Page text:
That doesn’t mean there aren’t any opportunities currently out there for the 70-something set looking to connect over a sesh. At the Artist Tree Studio Dispensary Lounge in West Hollywood, one of just two open consumption lounges in the L.A. area, there are recurring events that feel ripe for baked boomer bonding. Among them are once (soon to be twice) monthly Puff Puff Paint art classes ($40), the occasional hazy-headed writing workshop (Puff and Pen, $25) and a recently debuted THC-enhanced take on the kind of genteel high tea you might experience at a fine hotel, complete with antique china, tiered platters of finger sandwiches and scones and piping hot pots of (infused or un-infused) tea ($35).
“We are planning to have another one in June but don’t have a date set yet,” said Artist Tree co-owner Lauren Fontein, who added that the lounge’s first high tea on April 2 was a sell-out success. Additional event information can be found at the lounge’s website.
Would you have any suggestion for what to shop for as an alternative to inhalation avenues, and also a shop that is run by LGBTQ personnel? — W.J.
Thanks to the booming THC-infused beverage business and rapidly expanding assortment of novelty offerings, there’s hardly been a better time to explore noninhalable cannabis consumption.
If you’re looking for something sippable, I suggest you start with a beverage from our list of five good-tasting weed drinks published last summer, because those bevvies have already been vetted by our in-house Elite Beverage Tasting Squad. (The drink that got the highest marks was SoCal-based Rickett Brewing Co.’s Champagne-like Jolie Fleur Pink.)
Novel THC delivery systems help cut through the clutter and spare the lungs. That’s why your next buzz may come from a drinking straw, a cup of coffee or a squirt of sriracha.
For something beyond the traditional brownie-and-gummy sweet-treat category, our recent round-up of innovative offerings will give you plenty to chew on — eight options in all — including TSUMo Snacks’ Snazzle Os (imagine a more fun version of Funyuns), dip-like pouches that can be placed between the cheek and gum and a new-to-market cannabis-infused drinking straw.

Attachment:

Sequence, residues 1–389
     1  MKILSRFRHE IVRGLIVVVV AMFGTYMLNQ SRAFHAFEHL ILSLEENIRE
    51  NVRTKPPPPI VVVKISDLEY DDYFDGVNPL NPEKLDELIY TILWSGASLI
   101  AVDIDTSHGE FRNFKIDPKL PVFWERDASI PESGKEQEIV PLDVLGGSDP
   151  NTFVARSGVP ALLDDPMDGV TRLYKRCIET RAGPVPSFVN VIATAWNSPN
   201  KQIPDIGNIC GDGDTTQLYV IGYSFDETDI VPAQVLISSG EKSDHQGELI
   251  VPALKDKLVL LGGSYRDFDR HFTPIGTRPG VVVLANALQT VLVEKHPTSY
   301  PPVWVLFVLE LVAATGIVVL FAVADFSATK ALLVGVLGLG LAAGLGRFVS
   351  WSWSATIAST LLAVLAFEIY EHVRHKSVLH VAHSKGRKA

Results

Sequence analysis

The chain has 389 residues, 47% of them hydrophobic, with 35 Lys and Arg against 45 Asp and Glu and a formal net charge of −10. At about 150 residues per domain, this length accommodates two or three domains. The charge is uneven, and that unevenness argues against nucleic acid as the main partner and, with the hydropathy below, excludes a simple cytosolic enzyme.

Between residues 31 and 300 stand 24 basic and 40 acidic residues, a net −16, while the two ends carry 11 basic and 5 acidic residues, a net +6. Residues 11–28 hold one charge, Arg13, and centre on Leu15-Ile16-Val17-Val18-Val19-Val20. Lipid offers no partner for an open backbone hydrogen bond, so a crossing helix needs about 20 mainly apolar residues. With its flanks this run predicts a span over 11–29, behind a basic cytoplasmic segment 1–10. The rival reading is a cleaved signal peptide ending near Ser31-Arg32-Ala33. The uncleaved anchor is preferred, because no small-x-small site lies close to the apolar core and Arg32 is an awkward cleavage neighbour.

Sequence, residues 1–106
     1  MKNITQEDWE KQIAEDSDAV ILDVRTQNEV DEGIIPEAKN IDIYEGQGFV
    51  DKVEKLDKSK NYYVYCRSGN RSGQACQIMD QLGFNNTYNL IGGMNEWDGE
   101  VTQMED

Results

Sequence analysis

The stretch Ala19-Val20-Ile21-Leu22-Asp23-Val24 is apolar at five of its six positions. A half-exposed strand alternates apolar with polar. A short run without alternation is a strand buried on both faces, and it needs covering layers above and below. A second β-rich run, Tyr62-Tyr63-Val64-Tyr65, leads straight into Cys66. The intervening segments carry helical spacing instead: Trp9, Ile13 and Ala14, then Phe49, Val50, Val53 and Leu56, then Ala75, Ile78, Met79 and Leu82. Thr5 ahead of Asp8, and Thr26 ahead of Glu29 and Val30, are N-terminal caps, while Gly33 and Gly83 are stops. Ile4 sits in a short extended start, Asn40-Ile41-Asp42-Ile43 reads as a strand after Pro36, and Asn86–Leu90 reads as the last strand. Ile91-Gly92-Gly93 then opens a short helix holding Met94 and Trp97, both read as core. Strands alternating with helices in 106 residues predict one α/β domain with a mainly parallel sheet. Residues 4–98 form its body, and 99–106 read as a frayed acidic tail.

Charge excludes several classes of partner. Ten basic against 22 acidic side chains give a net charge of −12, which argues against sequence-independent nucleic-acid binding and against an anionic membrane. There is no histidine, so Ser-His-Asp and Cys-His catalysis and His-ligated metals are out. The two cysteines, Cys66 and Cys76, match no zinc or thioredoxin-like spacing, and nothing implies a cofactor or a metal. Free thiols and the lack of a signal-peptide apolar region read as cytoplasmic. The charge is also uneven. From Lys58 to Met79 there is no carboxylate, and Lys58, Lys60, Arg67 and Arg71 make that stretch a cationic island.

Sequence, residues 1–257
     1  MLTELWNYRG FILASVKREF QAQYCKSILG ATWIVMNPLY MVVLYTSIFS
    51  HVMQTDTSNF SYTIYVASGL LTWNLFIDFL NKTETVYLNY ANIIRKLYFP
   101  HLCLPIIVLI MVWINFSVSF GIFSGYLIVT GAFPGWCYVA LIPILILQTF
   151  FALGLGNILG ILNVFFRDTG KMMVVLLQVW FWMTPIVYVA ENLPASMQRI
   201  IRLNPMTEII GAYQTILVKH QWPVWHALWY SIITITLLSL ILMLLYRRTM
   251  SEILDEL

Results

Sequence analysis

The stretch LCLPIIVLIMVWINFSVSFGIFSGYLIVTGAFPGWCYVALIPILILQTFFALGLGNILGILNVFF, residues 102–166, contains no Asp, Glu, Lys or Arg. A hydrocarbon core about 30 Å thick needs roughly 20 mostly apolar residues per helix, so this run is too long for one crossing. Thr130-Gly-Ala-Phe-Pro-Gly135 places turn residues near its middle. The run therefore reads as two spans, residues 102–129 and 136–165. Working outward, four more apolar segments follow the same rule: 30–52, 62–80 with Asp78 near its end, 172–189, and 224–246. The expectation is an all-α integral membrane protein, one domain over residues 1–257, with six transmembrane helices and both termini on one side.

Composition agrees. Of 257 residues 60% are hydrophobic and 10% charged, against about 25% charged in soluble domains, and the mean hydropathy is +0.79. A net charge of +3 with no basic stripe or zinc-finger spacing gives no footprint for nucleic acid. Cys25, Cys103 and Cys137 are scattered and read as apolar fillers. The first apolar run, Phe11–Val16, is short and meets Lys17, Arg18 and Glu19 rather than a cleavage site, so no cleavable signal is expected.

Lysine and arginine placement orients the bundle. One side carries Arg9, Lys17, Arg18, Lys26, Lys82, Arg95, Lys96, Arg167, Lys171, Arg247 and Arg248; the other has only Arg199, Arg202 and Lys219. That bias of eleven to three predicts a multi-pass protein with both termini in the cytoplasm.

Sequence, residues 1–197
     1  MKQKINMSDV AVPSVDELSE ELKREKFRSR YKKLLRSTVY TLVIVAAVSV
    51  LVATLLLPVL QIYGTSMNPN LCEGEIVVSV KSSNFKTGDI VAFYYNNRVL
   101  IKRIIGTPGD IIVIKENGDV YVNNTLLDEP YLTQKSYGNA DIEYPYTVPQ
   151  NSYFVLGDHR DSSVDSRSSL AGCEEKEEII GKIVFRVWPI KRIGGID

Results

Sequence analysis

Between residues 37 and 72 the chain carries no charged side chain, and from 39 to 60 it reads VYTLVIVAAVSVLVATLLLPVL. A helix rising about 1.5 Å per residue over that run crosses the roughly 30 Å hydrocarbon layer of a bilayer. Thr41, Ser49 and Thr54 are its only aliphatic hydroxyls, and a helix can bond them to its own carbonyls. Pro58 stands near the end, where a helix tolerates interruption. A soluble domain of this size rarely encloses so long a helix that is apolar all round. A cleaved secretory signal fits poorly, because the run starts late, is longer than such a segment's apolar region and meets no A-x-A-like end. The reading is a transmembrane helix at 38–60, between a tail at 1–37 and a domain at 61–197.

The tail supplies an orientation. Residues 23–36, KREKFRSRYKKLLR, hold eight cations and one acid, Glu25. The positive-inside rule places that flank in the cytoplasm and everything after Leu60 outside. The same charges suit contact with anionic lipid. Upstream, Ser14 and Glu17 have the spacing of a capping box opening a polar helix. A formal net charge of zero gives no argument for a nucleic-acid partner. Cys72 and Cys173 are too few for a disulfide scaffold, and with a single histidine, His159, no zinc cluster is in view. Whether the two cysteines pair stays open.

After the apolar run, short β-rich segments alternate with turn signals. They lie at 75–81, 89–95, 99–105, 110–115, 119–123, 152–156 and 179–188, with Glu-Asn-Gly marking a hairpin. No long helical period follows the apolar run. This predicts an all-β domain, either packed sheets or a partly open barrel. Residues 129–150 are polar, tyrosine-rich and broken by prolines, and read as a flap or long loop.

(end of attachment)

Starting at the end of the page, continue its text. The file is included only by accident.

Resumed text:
As for the second part of your question — a shop run by LGBTQ personnel — the downtown L.A. dispensary Green Qween, co-founded by queer-nightlife event producer Andrés Rigal, holds itself out to be both a safe space for the LGBTQ community and a place to spotlight LGBTQ-owned brands including Cann, Stone Road, Drew Martin and Sonder. According to a representative, 60% of the dispensary’s budtenders and employees identify as members of the LGBTQ community.
In addition, the shop’s owners have pledged to donate a percentage of profits to the DTLA Proud community center and its services. You can find more information online at thegreenqween.com and the bricks-and-mortar dispensary itself at 1051 S. Broadway.
What do you recommend if you’re worried about getting paranoid and getting the munchies but still want to get a euphoric feeling? — M.S.
One of the most important lessons I’ve learned about cannabis over my years of using it (personally) and writing about it (professionally) is that the effects of any given cultivar, product or preparation can — and do — vary wildly from person to person. What keeps one person munchie-free might make someone else — and by that I mean me — tear through the pantry like something out of a “Cocaine Bear” blooper reel. The same goes with trying to avoid paranoia, alleviating pain or getting a better night’s sleep.
Don’t know your Delta-8 from your THCv? We strain the alphabet soup for you.